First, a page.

Quote of the Day
We worry about what a child will become tomorrow, yet we forget that he is someone today.
Please welcome guest poster, Marie Owens as she takes you through the ins and outs of Caylee’s Law. Caylee’s Law is the brain child of Michelle Crowder from Durant, Oklahoma, an ordinary person like you and me, who decided to try and make a difference. You can make a difference, too, by signing the petition located here: Sign the Petition for Caylee’s Law LINK
Caylee’s Law Drafted to Protect Parents and Missing Children
Caylee’s Law began as a legislative petition on the Change.org website, initiated by activist Michelle Crowder of Durant, Oklahoma. Crowder was inspired to form the law after following the high-profile Casey Anthony trial, which resulted in an acquittal of first degree murder charges stemming from the death of her daughter, Caylee Marie Anthony. It was alleged that Casey Anthony, who was aware of her daughter’s death, did not report her missing for a period of 31 days. Caylee’s Law, if enacted, would make it a felony for a parent or caregiver to fail to report a missing child within 24 hours in circumstances where the parent or caregiver should have known that the child may have been in danger. In fact, some colleges such as University of Pittsburgh are even incorporating classes revolving around the law for students attaining a criminal justice degree or law degree.
Opponents to the petition have expressed concerns about potential legal ramifications surrounding the narrow reporting time lines. In an interview with CNN, Ms. Crowder acknowledged that she had not consulted with law enforcement officials, medical experts or legal counsel before drafting her petition with the proposed 24-hour and one-hour time line. The portion of the proposed bill that requires a parent or caregiver to report a child missing within 24 hours does not address logical concerns as to when the child was actually missing, as opposed to when the parents realized the child was missing. Caylee’s Law has come under scrutiny by legal analysts regarding the potential for over-compliance. This could potentially result in false reporting by parents fearful of becoming suspects. Possible complications can arise when reporting a hospitalized child’s death, especially if the exact time of death is unclear, as in the unfortunate circumstances of natural disasters or tragic accidents.
Despite opposition, Caylee’s Law is critical legislation designed to prevent time lapses in reporting a missing child. The sooner a child is reported missing the chances of recovery are significantly greater. Amber alerts and media outcries for help can be put into action immediately, and search efforts can begin. The law is designed primarily to end irresponsible behavior on the part of parents and caregivers, as was evident in the Casey Anthony case. A Florida Department of Law Enforcement official reported that national statistics have shown that approximately 45 percent of missing and/or abducted children who are murdered die within the first hour of being reported missing. The number of deaths increases to 76 percent during the first three hours. These facts underscore the importance of Caylee’s Law.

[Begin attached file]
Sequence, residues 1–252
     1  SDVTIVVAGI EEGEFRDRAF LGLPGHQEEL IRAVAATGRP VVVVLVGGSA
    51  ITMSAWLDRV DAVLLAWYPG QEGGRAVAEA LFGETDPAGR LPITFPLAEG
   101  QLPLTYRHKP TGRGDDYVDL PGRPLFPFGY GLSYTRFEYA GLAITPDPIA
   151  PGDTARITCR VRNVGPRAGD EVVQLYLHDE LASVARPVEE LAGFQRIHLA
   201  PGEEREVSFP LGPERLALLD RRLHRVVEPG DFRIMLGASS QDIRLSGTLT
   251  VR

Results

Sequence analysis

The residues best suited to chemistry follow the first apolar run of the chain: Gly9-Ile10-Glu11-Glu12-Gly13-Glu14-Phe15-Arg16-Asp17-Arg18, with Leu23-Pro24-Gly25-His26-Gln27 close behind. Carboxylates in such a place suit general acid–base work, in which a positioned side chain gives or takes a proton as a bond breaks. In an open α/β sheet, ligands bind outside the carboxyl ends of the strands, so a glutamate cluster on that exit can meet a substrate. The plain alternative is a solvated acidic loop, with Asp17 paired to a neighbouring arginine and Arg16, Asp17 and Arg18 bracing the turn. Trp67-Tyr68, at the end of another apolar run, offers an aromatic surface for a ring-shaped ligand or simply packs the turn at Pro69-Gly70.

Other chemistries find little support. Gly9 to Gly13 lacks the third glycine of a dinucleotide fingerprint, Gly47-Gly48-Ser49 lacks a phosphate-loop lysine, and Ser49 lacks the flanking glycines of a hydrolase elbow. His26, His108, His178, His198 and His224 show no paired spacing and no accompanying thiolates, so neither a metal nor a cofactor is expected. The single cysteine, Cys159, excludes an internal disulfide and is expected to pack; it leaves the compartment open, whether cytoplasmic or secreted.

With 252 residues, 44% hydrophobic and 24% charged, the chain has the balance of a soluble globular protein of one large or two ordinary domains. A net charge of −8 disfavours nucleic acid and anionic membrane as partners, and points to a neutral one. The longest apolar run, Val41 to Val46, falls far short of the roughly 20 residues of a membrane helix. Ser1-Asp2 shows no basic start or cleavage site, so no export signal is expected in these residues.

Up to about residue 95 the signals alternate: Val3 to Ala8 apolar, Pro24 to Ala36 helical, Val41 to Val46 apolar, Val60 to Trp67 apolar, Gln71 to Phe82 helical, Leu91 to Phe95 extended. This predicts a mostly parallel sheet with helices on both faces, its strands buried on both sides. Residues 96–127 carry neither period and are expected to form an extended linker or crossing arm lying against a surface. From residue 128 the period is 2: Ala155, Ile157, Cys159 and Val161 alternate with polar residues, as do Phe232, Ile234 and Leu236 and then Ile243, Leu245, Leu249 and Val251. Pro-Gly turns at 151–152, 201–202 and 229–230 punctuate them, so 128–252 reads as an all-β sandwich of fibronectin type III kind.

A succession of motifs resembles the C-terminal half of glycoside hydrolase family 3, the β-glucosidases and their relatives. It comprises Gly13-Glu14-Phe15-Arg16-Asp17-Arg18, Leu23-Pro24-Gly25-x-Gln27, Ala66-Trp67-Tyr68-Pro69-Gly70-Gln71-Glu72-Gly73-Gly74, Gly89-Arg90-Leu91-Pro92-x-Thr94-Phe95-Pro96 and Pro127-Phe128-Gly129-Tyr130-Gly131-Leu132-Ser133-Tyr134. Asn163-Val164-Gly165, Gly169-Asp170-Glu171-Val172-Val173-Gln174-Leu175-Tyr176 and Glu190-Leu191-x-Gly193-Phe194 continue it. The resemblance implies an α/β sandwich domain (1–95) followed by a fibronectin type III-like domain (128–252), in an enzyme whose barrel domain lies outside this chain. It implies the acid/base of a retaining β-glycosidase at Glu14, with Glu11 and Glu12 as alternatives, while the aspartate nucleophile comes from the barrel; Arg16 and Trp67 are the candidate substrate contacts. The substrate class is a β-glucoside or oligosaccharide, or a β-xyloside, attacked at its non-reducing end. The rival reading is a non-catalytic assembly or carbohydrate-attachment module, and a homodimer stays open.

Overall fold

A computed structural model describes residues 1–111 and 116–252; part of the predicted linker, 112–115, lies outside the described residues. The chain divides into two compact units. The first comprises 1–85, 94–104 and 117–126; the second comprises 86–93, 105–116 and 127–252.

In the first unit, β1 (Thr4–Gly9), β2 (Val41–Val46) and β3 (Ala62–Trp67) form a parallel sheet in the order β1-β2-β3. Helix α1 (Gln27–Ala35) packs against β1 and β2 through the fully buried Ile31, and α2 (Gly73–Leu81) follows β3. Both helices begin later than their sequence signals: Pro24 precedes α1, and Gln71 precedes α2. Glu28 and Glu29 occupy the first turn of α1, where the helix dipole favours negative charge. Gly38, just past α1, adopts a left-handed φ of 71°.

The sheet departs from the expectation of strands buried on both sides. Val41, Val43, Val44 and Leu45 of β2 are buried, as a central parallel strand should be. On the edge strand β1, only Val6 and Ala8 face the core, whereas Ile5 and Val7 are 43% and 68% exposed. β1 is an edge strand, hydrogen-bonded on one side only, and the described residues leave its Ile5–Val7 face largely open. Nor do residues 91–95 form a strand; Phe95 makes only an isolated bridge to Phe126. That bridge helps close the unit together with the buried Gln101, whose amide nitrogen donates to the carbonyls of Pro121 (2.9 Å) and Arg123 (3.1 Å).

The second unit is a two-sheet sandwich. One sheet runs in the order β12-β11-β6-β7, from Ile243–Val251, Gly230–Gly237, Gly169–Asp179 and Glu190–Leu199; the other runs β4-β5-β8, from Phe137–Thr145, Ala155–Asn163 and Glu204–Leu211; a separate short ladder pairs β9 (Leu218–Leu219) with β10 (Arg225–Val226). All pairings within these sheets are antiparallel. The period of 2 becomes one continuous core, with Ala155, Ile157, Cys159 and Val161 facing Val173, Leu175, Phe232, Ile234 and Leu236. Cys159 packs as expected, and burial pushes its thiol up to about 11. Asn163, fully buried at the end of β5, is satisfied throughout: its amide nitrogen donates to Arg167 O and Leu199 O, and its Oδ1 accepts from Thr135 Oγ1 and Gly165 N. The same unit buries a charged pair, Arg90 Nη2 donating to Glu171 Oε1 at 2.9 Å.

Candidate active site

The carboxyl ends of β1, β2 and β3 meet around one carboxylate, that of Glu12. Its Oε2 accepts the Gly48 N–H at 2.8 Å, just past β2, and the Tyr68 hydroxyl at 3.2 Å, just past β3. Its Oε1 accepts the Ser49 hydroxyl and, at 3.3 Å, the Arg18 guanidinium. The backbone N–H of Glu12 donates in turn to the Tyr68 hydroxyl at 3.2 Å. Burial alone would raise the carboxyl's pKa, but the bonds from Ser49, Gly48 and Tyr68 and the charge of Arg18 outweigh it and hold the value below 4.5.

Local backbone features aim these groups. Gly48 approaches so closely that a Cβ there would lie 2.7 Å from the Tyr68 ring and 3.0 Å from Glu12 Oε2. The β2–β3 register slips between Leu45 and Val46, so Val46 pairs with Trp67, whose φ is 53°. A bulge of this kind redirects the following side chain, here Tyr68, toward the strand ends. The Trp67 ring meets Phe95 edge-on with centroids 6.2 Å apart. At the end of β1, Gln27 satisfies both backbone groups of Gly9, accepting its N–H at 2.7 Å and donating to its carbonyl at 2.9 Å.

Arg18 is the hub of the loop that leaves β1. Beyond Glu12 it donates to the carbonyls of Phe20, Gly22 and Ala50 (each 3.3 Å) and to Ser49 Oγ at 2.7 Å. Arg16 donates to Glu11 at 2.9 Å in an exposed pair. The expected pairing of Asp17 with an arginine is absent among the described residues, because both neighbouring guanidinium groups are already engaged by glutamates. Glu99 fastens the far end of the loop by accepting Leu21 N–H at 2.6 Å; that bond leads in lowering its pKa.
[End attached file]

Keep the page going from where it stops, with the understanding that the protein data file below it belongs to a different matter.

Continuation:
Proposed legislation begins with a petition which is essentially an application for initiation of a new law and a solicitation for support. In-depth legal analysis and research will be conducted before the final draft of Caylee’s Law is completed. The law will be drafted precisely, assuring child safety without placing parents at risk of facing criminal charges
Caylee Anthony was reported missing by her maternal grandmother, Cindy Anthony on July 15, 2008, who related to an emergency dispatch operator that she had not seen her granddaughter for 31 days. Caylee’s mother, Casey Anthony, was charged with first degree murder of her daughter in October 2008. Casey Anthony initially told law enforcement detectives that her daughter had been kidnapped by her nanny on June 9, 2008 and that she had been spending her own time and resources searching for the child, as she was frightened to alert authorities to the disappearance.